A Personal Journey Through Documentaries About Movies

February 8, 2012 — 13 Comments

Movies are amazing. Clearly. Objectively. Also amazing is learning about movies. I love it. The history of cinema is almost as fascinating as the movies themselves. Maybe even more interesting. Take for example, Apocalypse Now. I consider it the greatest film I’ve ever seen, and likely ever made. Yet the story behind the making of Apocalypse Now is perhaps crazier, more engaging and more entertaining than even the film itself. I’m a sucker for making-of docs and informative commentaries, but I also love documentaries with a wider focus.

I just had the pleasure of watching the documentary series, A Personal Journey with Martin Scorsese Through American Movies. It’s a long title for a long series. Three parts, roughly four hours in total. There is so much information and insight in those four hours it’s almost difficult to keep up. Scorsese includes countless clips from classics and forgotten classics of studio-era Hollywood. There is only one major problem with the film: it isn’t long enough. That four hours could have been twenty-four hours and it probably wouldn’t have satisfied me.

Seeing all those clips was great, too. Scorsese often shows clips that spoil the endings of the movies, but who cares? These are great movies. They’ll stand up to spoiling the ending. Plus, how can anyone discuss the greatness of The Searchers without showing that amazing final shot? Also wonderful is the fact that I haven’t even seen most of the films Scorsese highlights. While watching I tried to keep track of all the films I hadn’t seen that looked great. Here’s that list:

  • Duel in the Sun
  • The Bad and the Beautiful
  • The Crowd
  • Shadow of a Doubt
  • The Great Train Robbery
  • The Musketeers of Pig Alley – Griffith short
  • High Sierra
  • She Wore a Yellow Ribbon
  • The Furies
  • The Naked Spur
  • The Power Play
  • The Left-Handed Gun
  • The Man Who Shot Liberty Valance
  • The Regeneration
  • The Roaring Twenties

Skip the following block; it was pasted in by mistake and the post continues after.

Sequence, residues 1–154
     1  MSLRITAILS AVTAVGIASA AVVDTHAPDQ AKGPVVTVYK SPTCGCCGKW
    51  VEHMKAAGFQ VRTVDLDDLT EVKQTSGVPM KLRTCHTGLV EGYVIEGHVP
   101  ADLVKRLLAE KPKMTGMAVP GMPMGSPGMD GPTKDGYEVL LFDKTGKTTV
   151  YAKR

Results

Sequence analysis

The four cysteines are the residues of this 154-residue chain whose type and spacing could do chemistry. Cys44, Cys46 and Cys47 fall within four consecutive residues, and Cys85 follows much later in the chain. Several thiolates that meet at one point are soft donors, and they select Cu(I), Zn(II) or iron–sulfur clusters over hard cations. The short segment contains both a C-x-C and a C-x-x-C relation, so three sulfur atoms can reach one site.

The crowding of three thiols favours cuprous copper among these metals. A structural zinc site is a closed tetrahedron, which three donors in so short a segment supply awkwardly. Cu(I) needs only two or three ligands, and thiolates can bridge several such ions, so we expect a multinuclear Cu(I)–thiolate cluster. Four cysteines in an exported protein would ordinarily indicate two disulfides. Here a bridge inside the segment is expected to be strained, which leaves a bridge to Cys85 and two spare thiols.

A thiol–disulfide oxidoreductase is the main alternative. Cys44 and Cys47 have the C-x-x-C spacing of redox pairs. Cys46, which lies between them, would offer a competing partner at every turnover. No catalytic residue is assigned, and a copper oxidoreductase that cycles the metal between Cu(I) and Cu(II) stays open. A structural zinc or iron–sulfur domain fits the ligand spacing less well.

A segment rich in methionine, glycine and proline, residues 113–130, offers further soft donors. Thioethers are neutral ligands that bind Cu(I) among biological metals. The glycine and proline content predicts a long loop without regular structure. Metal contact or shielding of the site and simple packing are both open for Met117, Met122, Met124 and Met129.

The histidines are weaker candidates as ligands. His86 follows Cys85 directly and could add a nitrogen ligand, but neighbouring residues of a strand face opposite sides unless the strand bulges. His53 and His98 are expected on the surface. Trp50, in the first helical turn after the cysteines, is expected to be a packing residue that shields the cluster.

• I Walk Alone
  • Force of Evil
  • Point Blank
  • Gold Diggers of 1933/35
  • 42nd Street
  • Footlight Parade
  • Meet Me in St Louis
  • All That Jazz
  • The Cameraman
  • Death’s Marathon
  • Cabiria
  • Intolerance
  • Her Man
  • The Big House
  • Leave Her to Heaven
  • Johnny Guitar
  • The Robe
  • East of Eden
  • Some Came Running
  • Land of the Pharaohs
  • The Fall of the Roman Empire
  • Cat People
  • The Thing From Another World
  • I Walked With a Zombie
  • Letter From an Unknown Woman
  • Detour
  • Crime Wave
  • Outrage
  • The Renegades
  • T-Men
  • Raw Deal
  • Kiss Me Deadly
  • Silver Load
  • All That Heaven Allows
  • Forty Guns
  • Pickup on South Street
  • Two Weeks in Another Town
  • Broken Blossoms
  • I Am a Fugitive From a Chain Gang
  • Hell’s Highway
  • The Scarlett Empress
  • On the Waterfront
  • The Man With the Golden Arm
  • One, Two, Three
  • America, America

I’m sure I missed a few. The clips seemed endless, and they all looked great. If you’d like to see the documentary, it’s on YouTube.

This got me thinking about other great expansive documentaries about film history. The first one that came to mind was the amazing 13-hour series, Hollywood: A Celebration of American Silent Film (also on YouTube). It’s ridiculously in-depth, but like Scorsese’s doc, endlessly watchable.

And then there’s the follow-up doc from the same creators, Cinema Europa: The Other Hollywood (again, also on YouTube), which covers the silent era of European film. Scorsese has his own long documentary about European cinema, specifically Italian cinema, called My Voyage to Italy.

The BBC also produces wonderful series about film history. One of my favourites is A History of Horror with Mark Gatiss (YouTube!).

And then there’s the weirdly unique documentary, Los Angeles Plays Itself, which hasn’t even been released properly due to rights issues (but, of course, is on YouTube).